If you’ve seen  “Suffragette” with Carey Mulligan, you’ve seen some of the imagined versions of those stories: some fairly disturbing ones among them. Milligan plays Maud Watts, a 24-year-old laundry worker whose run-in with a suffragette protest after work one day awakens her to the very real need for women’s suffrage. Her life changes dramatically as she ever increasingly embraces radicalism, becoming a pariah to her own husband, friends, and family.

Maud eventually ends up hooking up with Emily Davis herself and witnessing her infamous sacrifice.  The film ends by stating that the women were given the right to vote in 1918, rights over their children in 1925, and the same voting rights as men in 1928. Is it a triumph or a tragedy is one just necessary to bring about the other?


Vroom Vroom! Driving into theatres in 2011,” Drive” is the American action drama that shows what Mulligan can do on high speed. The film stars Ryan Gosling as bad boy race car driver by day, getaway driver by night, Driver (Ryan Gosling).  He’s got eyes for his neighbor Irene, (Mulligan) who lives with her son, Benicio. When Irene’s ex-con debt-ridden husband, Standard, shows up again he and Driver find they have more than their taste for Irene in common and attempt to pull off what turns out to be a botched attempt at a multimillion-dollar heist that threatens the lives of those around them.

The film has many of the elements of pulp fiction and has been cited as both extremely violent and extremely stylish. It takes its inspiration from everything from the Grimms’ Fairy Tales to Risky Business. Driver is the classic antihero wanting to protect what is good (Irene and Benicio) while destroying what he conceives as bad.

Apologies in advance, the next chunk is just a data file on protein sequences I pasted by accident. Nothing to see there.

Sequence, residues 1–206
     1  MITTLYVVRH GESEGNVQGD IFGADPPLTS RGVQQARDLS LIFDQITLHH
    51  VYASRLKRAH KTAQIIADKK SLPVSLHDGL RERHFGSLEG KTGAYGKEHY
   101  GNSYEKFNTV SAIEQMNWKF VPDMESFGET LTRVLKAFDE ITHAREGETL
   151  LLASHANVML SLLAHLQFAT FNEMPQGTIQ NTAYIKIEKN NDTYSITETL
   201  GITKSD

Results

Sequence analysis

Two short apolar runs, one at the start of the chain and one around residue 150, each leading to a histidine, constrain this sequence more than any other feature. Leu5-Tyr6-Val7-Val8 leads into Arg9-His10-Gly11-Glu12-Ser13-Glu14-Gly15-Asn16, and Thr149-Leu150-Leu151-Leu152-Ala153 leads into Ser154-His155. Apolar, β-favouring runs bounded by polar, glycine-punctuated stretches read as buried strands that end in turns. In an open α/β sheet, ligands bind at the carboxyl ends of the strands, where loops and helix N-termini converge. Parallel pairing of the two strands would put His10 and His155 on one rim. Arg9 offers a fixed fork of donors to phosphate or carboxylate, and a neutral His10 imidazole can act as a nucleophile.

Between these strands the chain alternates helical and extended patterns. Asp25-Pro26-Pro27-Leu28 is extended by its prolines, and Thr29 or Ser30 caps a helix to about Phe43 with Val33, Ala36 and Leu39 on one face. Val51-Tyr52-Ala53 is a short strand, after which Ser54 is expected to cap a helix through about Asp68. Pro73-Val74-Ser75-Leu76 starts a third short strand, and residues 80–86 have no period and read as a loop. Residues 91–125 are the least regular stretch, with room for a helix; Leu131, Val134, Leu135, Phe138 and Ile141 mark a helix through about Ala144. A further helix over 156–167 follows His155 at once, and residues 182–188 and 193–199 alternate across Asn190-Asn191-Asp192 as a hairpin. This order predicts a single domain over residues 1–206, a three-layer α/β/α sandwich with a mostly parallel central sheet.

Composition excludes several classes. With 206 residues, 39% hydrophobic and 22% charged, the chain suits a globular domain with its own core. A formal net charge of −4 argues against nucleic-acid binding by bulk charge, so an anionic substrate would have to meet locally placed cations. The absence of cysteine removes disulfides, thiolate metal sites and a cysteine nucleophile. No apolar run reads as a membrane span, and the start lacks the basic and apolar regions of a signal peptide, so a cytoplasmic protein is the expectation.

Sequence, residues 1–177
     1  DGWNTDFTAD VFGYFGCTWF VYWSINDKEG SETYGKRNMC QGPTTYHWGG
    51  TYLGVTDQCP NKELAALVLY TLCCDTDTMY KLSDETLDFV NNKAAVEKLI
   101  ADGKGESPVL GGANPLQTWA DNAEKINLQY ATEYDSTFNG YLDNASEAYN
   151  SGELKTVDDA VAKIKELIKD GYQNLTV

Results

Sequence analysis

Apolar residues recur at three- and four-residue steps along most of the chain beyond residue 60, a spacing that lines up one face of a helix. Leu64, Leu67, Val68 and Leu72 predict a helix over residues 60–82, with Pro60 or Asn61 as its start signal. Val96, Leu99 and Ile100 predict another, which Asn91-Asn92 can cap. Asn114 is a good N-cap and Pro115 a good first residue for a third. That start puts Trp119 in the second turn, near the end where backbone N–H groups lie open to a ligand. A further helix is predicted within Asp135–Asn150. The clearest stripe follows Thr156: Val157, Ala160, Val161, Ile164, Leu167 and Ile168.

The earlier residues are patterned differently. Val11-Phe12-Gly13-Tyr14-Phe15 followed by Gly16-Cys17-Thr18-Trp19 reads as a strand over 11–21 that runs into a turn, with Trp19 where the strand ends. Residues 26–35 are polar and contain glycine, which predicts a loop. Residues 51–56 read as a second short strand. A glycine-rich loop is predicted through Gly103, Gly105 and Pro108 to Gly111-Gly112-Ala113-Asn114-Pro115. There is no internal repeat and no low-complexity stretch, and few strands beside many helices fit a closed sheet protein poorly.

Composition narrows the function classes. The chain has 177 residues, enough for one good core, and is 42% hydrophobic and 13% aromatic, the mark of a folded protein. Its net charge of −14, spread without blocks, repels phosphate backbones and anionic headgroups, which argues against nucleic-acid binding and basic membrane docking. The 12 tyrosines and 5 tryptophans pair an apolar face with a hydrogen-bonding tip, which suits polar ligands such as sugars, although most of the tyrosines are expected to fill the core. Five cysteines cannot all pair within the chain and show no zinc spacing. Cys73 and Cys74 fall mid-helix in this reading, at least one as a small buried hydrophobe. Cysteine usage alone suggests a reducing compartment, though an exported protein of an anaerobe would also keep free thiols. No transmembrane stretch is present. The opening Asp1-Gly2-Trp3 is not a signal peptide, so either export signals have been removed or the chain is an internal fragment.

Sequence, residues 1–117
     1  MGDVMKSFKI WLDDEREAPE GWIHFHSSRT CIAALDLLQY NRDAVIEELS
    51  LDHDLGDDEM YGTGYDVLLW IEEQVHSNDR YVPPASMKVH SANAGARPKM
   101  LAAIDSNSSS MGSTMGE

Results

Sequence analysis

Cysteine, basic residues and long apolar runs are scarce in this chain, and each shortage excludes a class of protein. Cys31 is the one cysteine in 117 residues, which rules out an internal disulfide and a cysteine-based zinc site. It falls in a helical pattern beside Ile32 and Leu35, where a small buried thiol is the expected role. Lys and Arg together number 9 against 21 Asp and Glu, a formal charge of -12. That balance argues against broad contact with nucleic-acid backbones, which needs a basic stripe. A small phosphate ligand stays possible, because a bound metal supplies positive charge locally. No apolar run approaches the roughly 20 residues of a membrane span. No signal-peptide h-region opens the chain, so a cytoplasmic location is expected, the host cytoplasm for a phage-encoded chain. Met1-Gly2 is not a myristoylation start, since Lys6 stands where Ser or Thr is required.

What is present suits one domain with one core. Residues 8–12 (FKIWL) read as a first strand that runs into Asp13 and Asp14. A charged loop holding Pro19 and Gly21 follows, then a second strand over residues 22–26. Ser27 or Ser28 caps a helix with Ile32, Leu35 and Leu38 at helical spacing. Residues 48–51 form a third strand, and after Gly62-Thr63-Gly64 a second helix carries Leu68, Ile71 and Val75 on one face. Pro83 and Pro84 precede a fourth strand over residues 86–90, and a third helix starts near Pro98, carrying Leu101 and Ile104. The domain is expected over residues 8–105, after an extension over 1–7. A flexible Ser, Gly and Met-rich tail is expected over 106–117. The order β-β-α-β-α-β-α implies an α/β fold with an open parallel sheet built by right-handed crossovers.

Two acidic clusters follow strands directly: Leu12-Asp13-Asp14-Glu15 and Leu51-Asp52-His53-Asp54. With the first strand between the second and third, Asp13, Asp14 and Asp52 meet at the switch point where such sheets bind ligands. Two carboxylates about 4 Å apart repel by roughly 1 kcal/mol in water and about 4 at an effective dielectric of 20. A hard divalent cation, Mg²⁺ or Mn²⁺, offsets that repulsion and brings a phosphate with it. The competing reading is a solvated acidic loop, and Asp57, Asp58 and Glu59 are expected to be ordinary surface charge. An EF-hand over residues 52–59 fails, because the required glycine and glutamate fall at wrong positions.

One of the film’s more poignant scene shows Driver kissing Irene tenderly immediately before stomping a man’s head in. This has been referred to as the couple’s “goodbye kiss,” the defining part of the movie in which Irene sees Driver’s darker side. It is this juxtaposition between light and darkness that “drives” this movie.”

An Education

“An Education” was the movie in which most of Hollywood received its first formal education on  Carey Mulligan. After her film debut in “Pride and Prejudice,” “An Education,’ was the film in which Mulligan made her breakthrough performance as Jenny Mellor, a young girl alternately confused exhilarated and repulsed by her reactions to the advances of an older man.

The film stars Mulligan as a bright 16-year- old school girl with lofty goals of attending Oxford University. She meets the more mature David Goldman when he pulls up in his fancy car and voices concern about her cello getting wet as she stands in the rain waiting for a bus.  The relationship seems as If it has a future when David proposes a date with Jenny to attend a concert and dinner with his friends and she agrees.

Of course, things get awkward when it’s time to meet the parents, especially since it seems unclear what David’s intentions toward their daughter are. However, with a bit of convincing from lenient mom, Marjorie, the two give their blessings to a trip in which David  proposes to take Jenny to Oxford, where she can meet his old teacher, Clive Lewis, author of “The Lion, the Witch, and the Wardrobe.” Soon it seems the family may just be as susceptible to Mr, Goldman’s charms as Jenny herself is.

It all falls apart when Jenny discovers the real truth about Mr. Goldman and his interests in her family on her seventeenth birthday. Luckily, Goldman goes back to the hole he came from and is never seen again, keeping damage control to a minimum on all sided. Jenny despairs but is eventually able to resume her studies at Oxford the following year to continue her education in school, life, and love.